Charlotte Perkins Gilman was a feminist writer, lecturer, and thinker at the turn of the 20th century. Despite her lack of formal education, she authored Women in Economics, a foundational text of early feminism, and became known as a preeminent sociologist, philosopher, and social critic. Her works of fiction represented the psychological impact of traditional female roles on housewives and mothers, and her utopian novel Herland inspired Dr. William Moulton Marsten to create his character Wonder Woman as a model of “strong, free, courageous womanhood.”
Charlotte was born into the prominent Beecher family – famous for author and abolitionist Harriet Beecher Stowe and suffragist Isabella Beecher Hooker – but her father abandoned her when she was young, leaving the family in poverty.
Charlotte received almost no formal education, describing her schooling as “four years among seven different institutions, ending when I was fifteen.” Despite this, she attended the Rhode Island School of Design from 1878 to 1883, and financed her education by providing drawing lessons, painting advertisements for soap companies, and selling watercolors.Charlotte Perkins Gilman's utopian novel Herland inspired the character of #WonderWoman Click To Tweet
At 21, Charlotte married her first husband Charles Walter Stetson, despite her vow at an early age to remain unmarried and devote her life to public service. Soon after she gave birth to her daughter Katharine, but she realized early on that she was unsatisfied with life as a housewife and mother. Scholar Cynthia Davis writes that “that before marrying Stetson, Gilman insisted he swear that he’d never expect her to cook or clean and never require her, ‘whatever the emergency, to DUST!’”
After her pregnancy, Charlotte fell into a deep depression that lingered throughout her life, and was treated with the “rest cure,” a period of forced inactivity prescribed primarily to women diagnosed with hysteria or nervous disorders. Her sense of boredom and inadequacy only worsened during this period; later she would write her famous work, “The Yellow Wallpaper,” about a woman forced to undergo the same treatment who goes mad while imprisoned in her bedroom for weeks.'There is no female mind. Might as well speak of a female liver.' ~ Charlotte Gilman Click To Tweet
Charlotte soon realized that the best cure for her depression was independence.
At a time when divorce was still scandalous, [Gilman] divorced Stetson, but she also facilitated his remarriage to her best friend, Grace Channing, with whom Gilman remained close. She then sent her nine-year-old daughter back east to be raised by the new couple.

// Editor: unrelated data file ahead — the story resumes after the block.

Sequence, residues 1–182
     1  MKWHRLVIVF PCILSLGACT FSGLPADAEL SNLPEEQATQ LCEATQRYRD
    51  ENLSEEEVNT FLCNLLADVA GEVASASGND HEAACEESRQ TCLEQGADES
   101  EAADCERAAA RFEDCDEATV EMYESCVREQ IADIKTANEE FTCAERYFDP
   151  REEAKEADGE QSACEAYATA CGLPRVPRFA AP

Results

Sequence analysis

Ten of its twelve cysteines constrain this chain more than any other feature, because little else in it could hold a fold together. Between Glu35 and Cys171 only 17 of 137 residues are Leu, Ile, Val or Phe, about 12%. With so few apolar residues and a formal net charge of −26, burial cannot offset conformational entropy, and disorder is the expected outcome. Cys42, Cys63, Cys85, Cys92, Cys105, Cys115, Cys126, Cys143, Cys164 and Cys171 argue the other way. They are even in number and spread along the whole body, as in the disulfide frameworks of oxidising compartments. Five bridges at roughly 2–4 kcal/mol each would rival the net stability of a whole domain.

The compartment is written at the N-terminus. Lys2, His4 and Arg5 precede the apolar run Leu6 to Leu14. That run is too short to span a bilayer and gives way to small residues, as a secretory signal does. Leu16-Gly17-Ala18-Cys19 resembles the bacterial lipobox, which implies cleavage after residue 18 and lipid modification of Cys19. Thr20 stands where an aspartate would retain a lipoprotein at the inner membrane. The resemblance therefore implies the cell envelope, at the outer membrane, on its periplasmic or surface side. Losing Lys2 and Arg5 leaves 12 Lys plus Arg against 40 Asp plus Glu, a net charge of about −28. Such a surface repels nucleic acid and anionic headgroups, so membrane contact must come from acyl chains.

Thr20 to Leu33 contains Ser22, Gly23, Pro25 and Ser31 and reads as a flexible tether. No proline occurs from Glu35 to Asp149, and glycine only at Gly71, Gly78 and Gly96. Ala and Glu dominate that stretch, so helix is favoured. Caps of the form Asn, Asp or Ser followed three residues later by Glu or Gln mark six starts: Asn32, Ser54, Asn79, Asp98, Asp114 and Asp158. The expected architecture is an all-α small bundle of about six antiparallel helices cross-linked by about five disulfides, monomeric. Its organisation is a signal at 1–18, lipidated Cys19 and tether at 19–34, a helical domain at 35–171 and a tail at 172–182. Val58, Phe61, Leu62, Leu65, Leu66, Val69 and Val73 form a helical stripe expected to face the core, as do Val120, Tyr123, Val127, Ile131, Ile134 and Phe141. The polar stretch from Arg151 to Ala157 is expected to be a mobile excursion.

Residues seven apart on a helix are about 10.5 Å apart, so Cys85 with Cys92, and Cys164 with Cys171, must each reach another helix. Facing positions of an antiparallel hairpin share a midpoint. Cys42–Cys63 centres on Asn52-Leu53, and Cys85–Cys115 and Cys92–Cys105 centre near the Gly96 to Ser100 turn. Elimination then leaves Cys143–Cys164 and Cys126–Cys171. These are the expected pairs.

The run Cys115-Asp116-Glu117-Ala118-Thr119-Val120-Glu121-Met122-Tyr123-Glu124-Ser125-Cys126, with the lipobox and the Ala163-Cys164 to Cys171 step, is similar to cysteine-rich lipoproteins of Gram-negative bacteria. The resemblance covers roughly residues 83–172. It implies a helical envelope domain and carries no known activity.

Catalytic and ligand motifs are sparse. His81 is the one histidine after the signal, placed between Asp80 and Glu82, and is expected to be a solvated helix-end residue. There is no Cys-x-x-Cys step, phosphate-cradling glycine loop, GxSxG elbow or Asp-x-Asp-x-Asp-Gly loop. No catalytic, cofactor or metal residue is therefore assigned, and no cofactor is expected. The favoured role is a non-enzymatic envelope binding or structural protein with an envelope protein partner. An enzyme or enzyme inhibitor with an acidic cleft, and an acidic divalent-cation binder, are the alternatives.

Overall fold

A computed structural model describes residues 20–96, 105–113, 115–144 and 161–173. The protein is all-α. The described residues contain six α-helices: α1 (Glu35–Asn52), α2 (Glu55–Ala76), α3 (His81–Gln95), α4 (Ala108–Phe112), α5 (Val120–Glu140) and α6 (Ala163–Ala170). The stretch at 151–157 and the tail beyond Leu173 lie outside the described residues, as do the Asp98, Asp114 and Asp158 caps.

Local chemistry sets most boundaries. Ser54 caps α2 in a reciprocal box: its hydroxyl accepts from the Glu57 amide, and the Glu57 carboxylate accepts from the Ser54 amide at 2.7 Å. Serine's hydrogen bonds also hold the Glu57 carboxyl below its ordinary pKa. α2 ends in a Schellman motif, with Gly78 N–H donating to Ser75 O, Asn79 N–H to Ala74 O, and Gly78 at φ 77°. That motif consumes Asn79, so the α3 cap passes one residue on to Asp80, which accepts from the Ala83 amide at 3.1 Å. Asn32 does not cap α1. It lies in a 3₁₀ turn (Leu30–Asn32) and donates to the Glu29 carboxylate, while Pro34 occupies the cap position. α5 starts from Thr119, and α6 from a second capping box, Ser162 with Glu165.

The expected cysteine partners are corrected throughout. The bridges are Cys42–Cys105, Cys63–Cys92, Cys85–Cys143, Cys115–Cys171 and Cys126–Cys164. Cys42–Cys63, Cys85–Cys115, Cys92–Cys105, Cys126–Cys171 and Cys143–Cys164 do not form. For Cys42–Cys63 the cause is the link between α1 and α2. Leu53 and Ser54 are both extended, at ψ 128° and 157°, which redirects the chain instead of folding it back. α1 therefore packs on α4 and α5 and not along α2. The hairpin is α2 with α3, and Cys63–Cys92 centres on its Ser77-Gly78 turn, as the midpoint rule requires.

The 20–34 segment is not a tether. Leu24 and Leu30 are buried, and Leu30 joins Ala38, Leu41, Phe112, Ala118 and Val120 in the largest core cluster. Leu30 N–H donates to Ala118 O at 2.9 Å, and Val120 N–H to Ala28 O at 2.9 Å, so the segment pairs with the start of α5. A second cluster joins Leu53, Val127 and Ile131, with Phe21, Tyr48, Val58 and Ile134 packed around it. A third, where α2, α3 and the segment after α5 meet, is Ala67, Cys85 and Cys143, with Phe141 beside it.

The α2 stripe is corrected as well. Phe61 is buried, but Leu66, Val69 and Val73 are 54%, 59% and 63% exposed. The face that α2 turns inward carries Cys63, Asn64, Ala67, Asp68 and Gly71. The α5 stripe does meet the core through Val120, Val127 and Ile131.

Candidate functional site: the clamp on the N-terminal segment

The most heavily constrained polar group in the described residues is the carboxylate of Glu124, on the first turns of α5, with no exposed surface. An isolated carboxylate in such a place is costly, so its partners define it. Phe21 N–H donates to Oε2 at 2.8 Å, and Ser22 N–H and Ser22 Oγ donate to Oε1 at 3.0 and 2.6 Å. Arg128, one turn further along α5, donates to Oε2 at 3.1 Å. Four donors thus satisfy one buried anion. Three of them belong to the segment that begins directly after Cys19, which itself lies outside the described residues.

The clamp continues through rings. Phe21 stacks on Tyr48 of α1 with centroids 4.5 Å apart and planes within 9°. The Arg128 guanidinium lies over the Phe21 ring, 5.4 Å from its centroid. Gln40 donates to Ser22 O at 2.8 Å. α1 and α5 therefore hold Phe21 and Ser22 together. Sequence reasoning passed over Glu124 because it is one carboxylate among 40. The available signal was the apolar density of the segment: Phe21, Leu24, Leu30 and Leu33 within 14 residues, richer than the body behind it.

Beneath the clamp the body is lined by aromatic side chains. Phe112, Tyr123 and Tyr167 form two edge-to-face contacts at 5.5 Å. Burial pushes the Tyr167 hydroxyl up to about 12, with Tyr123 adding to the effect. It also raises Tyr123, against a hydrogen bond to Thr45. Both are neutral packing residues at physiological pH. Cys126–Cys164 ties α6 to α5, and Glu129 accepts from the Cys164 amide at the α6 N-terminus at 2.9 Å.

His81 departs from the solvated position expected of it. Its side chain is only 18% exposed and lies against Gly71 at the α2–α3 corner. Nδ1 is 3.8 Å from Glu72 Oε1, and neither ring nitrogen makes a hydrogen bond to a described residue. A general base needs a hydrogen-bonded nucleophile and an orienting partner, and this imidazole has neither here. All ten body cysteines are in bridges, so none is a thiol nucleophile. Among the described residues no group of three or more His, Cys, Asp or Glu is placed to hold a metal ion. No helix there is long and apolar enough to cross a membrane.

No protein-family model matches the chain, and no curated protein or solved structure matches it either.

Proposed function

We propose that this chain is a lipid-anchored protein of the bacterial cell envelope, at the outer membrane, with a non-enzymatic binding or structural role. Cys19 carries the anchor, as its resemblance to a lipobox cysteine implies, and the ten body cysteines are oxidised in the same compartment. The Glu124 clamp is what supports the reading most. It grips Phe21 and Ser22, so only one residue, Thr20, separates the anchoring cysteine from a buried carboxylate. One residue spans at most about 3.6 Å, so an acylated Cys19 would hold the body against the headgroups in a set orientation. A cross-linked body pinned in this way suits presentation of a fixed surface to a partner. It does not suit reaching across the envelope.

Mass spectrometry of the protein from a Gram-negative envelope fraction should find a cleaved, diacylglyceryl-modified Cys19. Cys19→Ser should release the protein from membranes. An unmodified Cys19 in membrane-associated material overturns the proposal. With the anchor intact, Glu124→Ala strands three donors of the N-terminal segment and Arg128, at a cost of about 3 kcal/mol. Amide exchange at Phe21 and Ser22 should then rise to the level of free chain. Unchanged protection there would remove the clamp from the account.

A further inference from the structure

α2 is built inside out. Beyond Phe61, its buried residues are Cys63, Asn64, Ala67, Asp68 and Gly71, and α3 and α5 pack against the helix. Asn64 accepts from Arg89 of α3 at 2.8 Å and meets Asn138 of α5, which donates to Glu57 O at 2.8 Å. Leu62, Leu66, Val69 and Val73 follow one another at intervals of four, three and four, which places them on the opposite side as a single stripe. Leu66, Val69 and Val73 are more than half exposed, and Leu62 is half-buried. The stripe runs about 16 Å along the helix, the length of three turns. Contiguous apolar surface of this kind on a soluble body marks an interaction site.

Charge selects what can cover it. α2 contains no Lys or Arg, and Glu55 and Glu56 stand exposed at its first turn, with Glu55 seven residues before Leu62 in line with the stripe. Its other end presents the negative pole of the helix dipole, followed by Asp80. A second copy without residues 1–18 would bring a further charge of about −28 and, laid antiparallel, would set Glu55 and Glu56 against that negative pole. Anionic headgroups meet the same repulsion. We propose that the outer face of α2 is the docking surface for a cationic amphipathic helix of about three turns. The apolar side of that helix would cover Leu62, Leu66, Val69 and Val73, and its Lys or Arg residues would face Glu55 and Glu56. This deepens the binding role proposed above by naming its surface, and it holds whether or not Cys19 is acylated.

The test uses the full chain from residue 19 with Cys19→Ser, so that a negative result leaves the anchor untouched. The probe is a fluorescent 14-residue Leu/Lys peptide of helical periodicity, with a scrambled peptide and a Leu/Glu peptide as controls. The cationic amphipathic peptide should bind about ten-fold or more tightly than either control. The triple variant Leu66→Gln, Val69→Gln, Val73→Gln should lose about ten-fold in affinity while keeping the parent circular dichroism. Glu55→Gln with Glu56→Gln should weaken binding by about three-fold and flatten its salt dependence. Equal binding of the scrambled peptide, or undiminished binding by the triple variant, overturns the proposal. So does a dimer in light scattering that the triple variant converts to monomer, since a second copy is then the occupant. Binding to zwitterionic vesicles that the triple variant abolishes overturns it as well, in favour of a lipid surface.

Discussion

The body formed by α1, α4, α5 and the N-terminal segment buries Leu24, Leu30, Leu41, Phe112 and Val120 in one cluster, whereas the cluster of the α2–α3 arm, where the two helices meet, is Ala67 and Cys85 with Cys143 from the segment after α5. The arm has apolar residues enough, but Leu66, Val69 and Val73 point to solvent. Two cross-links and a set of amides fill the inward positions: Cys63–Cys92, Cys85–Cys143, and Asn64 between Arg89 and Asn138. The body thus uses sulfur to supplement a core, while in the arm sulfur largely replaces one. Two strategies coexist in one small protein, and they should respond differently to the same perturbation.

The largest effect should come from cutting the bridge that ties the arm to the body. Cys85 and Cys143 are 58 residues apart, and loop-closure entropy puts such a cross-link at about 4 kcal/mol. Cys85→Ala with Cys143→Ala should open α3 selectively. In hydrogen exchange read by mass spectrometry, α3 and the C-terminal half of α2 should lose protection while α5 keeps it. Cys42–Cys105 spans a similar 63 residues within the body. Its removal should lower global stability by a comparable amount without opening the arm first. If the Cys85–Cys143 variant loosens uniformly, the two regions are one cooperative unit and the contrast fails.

Rescinding her role as wife and mother, Charlotte moved to Pasadena, CA and lived their briefly with her daughter, before sending her back east to live in more traditional society with her father and stepmother.
It was during these years that Charlotte authored her most famous texts – her short story “The Yellow Wallpaper,” (1892), first novel In This Our World (1893) and critical work Women in Economics (1898) were all published in the years after her divorce. During this period, Charlotte had a long affair with Adeline Knapp, an author, journalist, and suffragette associated with the San Francisco Bay area. After their affair fizzled out, Charlotte married her cousin and second husband George Houghton Gilman, “a man supportive of her career goals and willing to accept them.”
Later in her life, Charlotte began to tour and lecture on social politics and philosophy. She started a magazine called The Forerunner, which ran from 1909 until 1916 and published essays, fiction, and poetry, including a serialized version of her utopian novel Herland.
George Houghton Gilman died in 1934, and soon after Charlotte was diagnosed with inoperable breast cancer. Always devoted to her usefulness, Charlotte committed suicide three years later. Her suicide note was published in the newspapers, and read in part “When all usefulness is over, when one is assured of unavoidable and imminent death, it is the simplest of human rights to choose a quick and easy death in place of a slow and horrible one.”
Charlotte’s legacy of spitfire feminism, economic empowerment for women, and a more just and egalitarian society lives on in the work of modern activists and organizations devoted to social progress. Her feminist utopian novels, in which women live separate from men on an island and use parthenogenesis to reproduce, were some of the first imaginings of science fiction, and are widely acknowledged as foundational texts for William Morsten’s creation of Wonder Woman.
Charlotte demonstrated that that women were strong and capable through her own recovery and independence, proving that:
It is not that women are really smaller-minded, weaker-minded, more timid and vacillating, but that whosoever, man or woman, lives always in a small, dark place, is always guarded, protected, directed and restrained, will become inevitably narrowed and weakened by it.
- Charlotte Perkins Gilman Society: About Charlotte Perkins Gilman
- Radcliffe Magazine: The Evolution of Charlotte Perkins Gilman
- Women’s Intellectual Contributions to the Study of Mind and Society: Charlotte Perkins Gilman (1860-1935)
- LibriVox: Herland
- About.com Women’s History: Charlotte Perkins Gilman Quotes
- The New Yorker: The Last Amazon
- Science Museum: Rest cure
- Spokeo: Adeline Knapp (Writer)
- Imaginary Worlds Podcast: Episode 35: Imagining Wonder Woman
Rebecca Valley is a poet, writer, and amateur baker currently living in Olympia, Washington. Her poems have appeared recently in Through the Gate and Clementine (Unbound), and you can find more of her history articles on Atlas Obscura.